Best Episode Ever: “Juliet Takes a Luvvah” [Spoilers]

1 Feb

While there have been tons of classic detective shows in my lifetime, none have been as entertaining or witty as the USA’s tv show, Psych. Over the years, Psych has developed a rapid cult following of “PsychO’s”, drawing largely to its offbeat sense of humor and good storytelling. While admittedly, it’s not for everyone, for those who like pop culture trivia, random callbacks to niche films, and shows like Columbo, Murder She Wrote, or Moonlighting, then chances are they’ll really like Psych.

Essentially, the premise of the show is based largely around the son of a type A, Santa Barbera, retired police officer, who is in his late 20’s, and a slacker. Through sheer dumb luck, this slacker, Shawn, opens up a detective agency with his childhood best friend Gus (played by Dule Hill) and they become special liaisons to the SBPD. What makes this different from any and all cop/detective shows is that Shawn has an eidetic memory, but poses as a psychic, and consequently, has the reputation of a “psychic” detective. On its face, Shawn is a brilliant detective, however he can’t ever let on that he is not a psychic because reputations and cases would be obliterated.

Throughout the show’s history, there are a number of memorable episodes and guest cameos, but for my money, not only is the episode “Juliet takes a luvvah,” one of the best episodes in the show’s history, it might also be (pound for pound) one of the best written episodes of ANY show written for television. This episode (season 7, episode 2) is written by Steve Franks and Andy Berman (the bellhop from the Jamie Foxx Show). Franks (the creator of the show, also known for writing the Adam Sandler screenplay, Big Daddy) and Berman wrote 97 episodes together, all of them pretty strong, but “Juliet takes a luvvah,” happens to be next level storytelling.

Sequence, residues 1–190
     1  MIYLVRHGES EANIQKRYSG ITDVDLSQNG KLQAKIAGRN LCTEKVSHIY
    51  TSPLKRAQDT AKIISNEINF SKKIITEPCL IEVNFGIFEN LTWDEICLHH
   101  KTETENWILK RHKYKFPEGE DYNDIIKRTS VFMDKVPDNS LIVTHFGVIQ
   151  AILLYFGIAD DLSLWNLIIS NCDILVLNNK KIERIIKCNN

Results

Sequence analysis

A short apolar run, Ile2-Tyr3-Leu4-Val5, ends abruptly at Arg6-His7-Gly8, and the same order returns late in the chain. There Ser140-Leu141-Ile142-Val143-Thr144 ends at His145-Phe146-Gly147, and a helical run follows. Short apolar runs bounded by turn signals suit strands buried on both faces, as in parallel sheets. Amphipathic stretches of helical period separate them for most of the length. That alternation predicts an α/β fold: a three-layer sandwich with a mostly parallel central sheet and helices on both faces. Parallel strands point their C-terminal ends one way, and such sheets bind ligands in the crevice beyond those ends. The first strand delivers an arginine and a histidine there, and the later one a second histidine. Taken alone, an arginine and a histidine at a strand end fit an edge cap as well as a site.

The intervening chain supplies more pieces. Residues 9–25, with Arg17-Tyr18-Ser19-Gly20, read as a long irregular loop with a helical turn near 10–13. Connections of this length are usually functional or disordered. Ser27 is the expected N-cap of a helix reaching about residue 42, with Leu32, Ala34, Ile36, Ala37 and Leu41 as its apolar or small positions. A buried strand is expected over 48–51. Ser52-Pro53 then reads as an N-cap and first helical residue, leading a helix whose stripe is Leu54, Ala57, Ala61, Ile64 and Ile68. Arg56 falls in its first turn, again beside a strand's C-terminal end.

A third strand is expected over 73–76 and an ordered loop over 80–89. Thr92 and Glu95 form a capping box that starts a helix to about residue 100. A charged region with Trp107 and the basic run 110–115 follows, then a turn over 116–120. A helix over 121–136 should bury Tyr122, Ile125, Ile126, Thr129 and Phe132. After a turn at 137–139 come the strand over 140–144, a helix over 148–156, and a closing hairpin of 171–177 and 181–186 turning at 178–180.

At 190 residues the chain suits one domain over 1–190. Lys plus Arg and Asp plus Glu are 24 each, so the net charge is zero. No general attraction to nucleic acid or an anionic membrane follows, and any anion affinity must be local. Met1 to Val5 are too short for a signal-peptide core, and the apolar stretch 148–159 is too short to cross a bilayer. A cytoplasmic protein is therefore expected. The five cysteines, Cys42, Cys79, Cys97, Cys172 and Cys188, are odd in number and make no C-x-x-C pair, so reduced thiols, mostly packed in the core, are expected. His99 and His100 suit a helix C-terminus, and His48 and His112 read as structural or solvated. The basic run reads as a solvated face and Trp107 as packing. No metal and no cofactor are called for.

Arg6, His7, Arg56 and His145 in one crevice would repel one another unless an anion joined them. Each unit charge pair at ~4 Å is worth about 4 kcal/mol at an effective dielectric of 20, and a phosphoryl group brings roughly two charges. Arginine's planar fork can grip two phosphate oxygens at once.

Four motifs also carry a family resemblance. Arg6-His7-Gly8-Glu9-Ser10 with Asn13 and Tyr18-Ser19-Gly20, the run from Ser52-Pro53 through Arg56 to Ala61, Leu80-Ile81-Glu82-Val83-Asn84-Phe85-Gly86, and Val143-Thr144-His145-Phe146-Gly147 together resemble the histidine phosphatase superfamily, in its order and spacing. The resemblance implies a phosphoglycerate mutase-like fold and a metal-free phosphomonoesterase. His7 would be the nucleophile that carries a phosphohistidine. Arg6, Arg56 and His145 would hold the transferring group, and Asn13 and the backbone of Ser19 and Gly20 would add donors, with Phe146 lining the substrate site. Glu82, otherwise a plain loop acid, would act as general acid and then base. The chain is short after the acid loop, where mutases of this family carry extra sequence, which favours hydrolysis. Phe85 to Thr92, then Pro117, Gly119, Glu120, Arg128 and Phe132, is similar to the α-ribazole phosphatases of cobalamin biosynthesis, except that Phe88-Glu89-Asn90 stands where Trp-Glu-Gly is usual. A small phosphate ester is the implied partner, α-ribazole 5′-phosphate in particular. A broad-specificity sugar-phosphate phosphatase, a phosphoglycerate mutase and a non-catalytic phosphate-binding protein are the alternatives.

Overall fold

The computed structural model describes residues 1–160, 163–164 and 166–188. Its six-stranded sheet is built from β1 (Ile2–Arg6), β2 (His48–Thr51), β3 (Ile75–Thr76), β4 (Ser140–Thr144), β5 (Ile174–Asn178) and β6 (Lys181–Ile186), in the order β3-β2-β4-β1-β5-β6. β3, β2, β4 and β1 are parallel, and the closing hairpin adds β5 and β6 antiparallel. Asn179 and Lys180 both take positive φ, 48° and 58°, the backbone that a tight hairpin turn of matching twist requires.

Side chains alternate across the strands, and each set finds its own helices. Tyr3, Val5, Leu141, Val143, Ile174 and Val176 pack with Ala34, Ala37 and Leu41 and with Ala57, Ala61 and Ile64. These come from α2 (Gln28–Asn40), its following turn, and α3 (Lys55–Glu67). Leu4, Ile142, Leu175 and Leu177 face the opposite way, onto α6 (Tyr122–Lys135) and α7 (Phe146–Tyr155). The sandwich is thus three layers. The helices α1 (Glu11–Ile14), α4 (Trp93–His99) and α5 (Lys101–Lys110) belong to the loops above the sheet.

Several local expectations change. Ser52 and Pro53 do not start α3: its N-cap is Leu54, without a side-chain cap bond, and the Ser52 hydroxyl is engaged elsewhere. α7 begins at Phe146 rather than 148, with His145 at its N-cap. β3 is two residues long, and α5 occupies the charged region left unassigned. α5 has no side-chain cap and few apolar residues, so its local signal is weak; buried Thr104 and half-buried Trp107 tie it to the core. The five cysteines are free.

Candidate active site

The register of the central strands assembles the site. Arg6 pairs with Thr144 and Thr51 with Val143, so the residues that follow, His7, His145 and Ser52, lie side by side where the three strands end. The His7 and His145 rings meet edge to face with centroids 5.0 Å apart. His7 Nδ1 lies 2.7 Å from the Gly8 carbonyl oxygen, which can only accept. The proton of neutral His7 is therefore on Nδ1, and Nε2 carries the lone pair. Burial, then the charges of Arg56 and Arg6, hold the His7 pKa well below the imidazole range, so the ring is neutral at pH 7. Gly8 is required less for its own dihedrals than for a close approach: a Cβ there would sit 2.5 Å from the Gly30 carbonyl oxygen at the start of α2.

What sets this episode apart is there are four storylines tied to the main thread. As in all good detective stories, there is a crime that must be solved. The crime in this particular story is a series of murders. The police believe that the victims were all linked to a dating service which leads them to believe there is a serial killer loose in Santa Barbara (most crimes on the show take place in Santa Barbara. Who knew it was such a haven for the criminal minded?).  The serial killer storyline is the vehicle that drives the episode with all the quintessential red herrings and dubious suspects. 

Story Line #1  “Shawn moves back home”

At this point in the show, everyone is pretty attached to the characters, and there is a sense of attachment to each of their lives. Shawn’s father, Henry is recovering from being shot in the cliffhanger from season six.  Shawn moves back home to help Henry (who is long divorced) around the house. We get a cameo from Moonlighting alum Cybil Shephard, as Shawn’s mom. She briefly moves back into Shawn’s childhood home, and they are all together again as one big happy family. But not so much. Shawn’s parents have been divorced since he was 12 and he is not feeling this new arrangement for many reasons–especially as his parents get chummier by the day. There is a real time regression shown not just in Shawn’s living circumstances, but also in his behavior and soon, it’s like he is 12 years old all over again.

Story Line #2  Shawn and Gus

Throughout the show, Gus has a pattern of falling for every woman he meets, and almost always, the woman in question ends up being a suspect in the case they are trying to solve (or she is just flat out cuckoo for cocoa puffs). In this episode, Gus meets a woman on the same dating app where all these women are getting offed. Gus is preoccupied with this woman, who turns out is hiding something, but also, he isn’t readily available to commiserate with Shawn in his newfound living circumstances. This episode does a great job of sifting through Shawn and Gus’ relationship as well as giving us some insight into what makes the two of them tick. Shawn does his best to wedge his in between Gus and his new love interest. Part of this is Shawn looking out for Gus because of Gus’ poor romantic judgement, but also out of a smidge of jealousy. This of course, causes a bit of friction between he and Gus.

Story Line # 3 Juliet goes Undercover